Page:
"As a local authority, we have also provided regular transportation to ensure people have access to public services. However, being dependent on transport hampers meeting the public's urgent medical needs," the municipality responded to the medicine agency's suggestions.
"This would be a major extra burden for the local government if we got tasked with securing the supply of medicines to the public. This is [so far] a part of a home service which involves a small group of recipients of social services."
Similarly, online ordering was unsatisfactory, Saat said.
"Using an online pharmacy is not an optimal solution for all demographic groups," Saat continued, noting also the advice dimension of face-to-face pharmacy interaction.
Social affairs ministry waiting on Benu announcement
Katri Eespere, Health Adviser at the Ministry of Social Affairs, told the Paldiski authorties that they themselves had a wait-and-see attitude, noting that Benu had not kept the ministry informed about its intentions (the deadline for pharmacies to do so was in fact March 1-ed.).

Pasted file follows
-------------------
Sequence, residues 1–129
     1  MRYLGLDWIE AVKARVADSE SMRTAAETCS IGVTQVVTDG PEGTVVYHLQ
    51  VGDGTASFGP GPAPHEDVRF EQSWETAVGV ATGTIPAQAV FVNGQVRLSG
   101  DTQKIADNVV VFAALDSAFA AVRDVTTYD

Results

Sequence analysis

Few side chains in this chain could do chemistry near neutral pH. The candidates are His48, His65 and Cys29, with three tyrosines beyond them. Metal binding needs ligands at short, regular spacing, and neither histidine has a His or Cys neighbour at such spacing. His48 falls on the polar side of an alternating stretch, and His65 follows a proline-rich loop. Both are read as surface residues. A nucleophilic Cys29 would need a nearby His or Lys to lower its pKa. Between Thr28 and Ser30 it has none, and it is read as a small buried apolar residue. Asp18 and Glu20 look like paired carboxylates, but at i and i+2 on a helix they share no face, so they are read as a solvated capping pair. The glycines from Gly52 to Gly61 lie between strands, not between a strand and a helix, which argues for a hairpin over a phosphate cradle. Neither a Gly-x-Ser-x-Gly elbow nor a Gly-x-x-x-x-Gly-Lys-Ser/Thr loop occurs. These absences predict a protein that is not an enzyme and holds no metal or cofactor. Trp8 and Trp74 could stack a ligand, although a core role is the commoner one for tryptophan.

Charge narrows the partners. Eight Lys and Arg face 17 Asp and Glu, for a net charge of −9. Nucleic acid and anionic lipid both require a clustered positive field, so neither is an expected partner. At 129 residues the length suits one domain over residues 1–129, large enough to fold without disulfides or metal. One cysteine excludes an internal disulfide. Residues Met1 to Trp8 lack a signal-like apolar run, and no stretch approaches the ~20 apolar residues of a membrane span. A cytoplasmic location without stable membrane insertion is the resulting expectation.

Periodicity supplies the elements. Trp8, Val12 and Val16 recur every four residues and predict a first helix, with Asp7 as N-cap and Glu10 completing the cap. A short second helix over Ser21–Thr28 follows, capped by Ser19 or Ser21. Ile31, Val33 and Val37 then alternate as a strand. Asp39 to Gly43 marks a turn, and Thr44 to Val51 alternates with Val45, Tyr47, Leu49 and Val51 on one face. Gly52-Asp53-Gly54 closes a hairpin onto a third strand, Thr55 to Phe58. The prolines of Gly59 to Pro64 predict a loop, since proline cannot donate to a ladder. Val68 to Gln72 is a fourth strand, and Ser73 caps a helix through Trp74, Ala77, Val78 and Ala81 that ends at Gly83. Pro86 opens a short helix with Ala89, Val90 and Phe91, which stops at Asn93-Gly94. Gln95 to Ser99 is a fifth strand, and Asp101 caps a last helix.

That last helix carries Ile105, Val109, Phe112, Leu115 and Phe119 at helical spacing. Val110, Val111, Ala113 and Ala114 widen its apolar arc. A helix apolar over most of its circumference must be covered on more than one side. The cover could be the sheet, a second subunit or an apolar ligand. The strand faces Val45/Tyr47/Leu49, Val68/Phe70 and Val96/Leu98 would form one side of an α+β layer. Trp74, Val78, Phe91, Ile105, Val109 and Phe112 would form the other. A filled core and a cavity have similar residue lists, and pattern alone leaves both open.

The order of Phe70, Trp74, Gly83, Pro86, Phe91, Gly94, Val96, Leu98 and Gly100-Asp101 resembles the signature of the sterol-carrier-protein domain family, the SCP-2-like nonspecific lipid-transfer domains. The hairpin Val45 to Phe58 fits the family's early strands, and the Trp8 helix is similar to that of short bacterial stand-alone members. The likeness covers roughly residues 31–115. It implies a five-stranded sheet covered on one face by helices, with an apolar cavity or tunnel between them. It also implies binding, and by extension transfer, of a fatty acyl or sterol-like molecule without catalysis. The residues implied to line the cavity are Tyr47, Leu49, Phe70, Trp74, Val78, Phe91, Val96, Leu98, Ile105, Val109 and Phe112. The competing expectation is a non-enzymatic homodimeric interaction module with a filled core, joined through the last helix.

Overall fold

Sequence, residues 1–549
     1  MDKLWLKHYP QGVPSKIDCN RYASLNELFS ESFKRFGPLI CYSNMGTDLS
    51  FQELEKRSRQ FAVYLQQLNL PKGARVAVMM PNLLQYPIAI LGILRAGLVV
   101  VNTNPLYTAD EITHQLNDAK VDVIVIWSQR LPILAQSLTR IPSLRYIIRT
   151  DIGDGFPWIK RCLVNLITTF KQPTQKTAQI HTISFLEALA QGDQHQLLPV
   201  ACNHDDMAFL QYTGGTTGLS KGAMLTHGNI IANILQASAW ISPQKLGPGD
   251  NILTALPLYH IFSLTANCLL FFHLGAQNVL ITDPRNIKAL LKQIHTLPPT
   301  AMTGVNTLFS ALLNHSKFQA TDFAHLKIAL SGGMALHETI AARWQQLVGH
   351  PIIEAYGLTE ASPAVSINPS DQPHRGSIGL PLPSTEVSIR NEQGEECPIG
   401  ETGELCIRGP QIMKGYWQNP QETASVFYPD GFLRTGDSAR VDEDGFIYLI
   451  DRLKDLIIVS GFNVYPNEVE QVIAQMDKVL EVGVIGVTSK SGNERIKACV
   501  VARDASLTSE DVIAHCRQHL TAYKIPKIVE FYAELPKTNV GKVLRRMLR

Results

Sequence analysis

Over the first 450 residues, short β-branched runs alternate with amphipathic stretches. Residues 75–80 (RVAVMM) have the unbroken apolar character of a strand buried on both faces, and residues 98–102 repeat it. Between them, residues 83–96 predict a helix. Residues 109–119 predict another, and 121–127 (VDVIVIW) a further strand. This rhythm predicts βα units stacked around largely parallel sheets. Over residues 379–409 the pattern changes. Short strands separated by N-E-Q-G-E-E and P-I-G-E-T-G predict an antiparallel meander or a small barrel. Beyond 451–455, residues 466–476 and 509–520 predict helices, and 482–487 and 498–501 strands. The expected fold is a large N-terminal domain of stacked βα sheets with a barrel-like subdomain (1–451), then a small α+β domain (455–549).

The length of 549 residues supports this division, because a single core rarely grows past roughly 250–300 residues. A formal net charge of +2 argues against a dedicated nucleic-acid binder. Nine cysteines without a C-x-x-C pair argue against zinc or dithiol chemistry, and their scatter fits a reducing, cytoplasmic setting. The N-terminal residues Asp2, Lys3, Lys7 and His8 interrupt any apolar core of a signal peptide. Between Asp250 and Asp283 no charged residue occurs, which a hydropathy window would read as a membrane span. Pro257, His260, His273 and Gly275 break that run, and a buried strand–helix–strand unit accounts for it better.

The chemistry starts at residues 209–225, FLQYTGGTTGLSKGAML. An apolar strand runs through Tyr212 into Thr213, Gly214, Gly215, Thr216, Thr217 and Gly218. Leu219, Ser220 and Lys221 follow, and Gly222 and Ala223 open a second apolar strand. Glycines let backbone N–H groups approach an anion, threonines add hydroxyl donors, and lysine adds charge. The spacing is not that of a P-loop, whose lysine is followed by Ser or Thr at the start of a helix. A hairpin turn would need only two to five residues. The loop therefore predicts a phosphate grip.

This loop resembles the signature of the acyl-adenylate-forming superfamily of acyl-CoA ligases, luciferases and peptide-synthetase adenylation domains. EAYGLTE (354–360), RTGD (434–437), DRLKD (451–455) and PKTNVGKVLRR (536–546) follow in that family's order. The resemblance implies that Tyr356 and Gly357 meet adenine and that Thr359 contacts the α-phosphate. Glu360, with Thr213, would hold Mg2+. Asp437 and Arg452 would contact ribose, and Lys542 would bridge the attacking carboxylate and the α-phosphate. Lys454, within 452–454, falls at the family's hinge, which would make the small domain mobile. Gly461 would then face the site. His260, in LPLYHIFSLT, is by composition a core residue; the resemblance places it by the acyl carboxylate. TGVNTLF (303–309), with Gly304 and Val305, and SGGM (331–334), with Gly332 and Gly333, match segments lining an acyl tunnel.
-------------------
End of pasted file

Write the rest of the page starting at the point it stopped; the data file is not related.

"The current license holder ( Benu pharmacy chain - ed. ) has not provided the medicines agency with information about its plans. No applications have been submitted to the agency to comply with the requirements of the law or to open a new pharmacy. For this reason we have also drawn the attention of the Estonian Chamber of Pharmacists (EPK) and the Estonian Association of Pharmacists (EAL – both organizations represent the interests of dispensing pharmacists-ed.) to actively work to ensure that provision of pharmacy services is not interrupted in Paldiski," Eespere wrote.
"Therefore, we remain very hopeful that the current pharmacist will announce their intentions concerning Paldiski as soon as possible."
Eespere added that at a meeting late last year, the EPK told both the ministry and the municipality that there was a pharmacist interested in running a pharmacy in Paldiski.
"We are currently in active communication with the municipality and pharmacists to help find the right solution," Eespere said.
EPK: The solution also depends on Benu
The EPK itself has passed-the-parcel of the decision to Benu, saying that they felt the chain would fall in line with the reforms, and hand over control to its dispensing pharmacists.
"I think nothing will happen in Paldiski. They ( Benu-ed.) only last week were searching for a new pharmacist in Paldiski and offering a stable job," said Karin Alamaa-Aas of the EPK.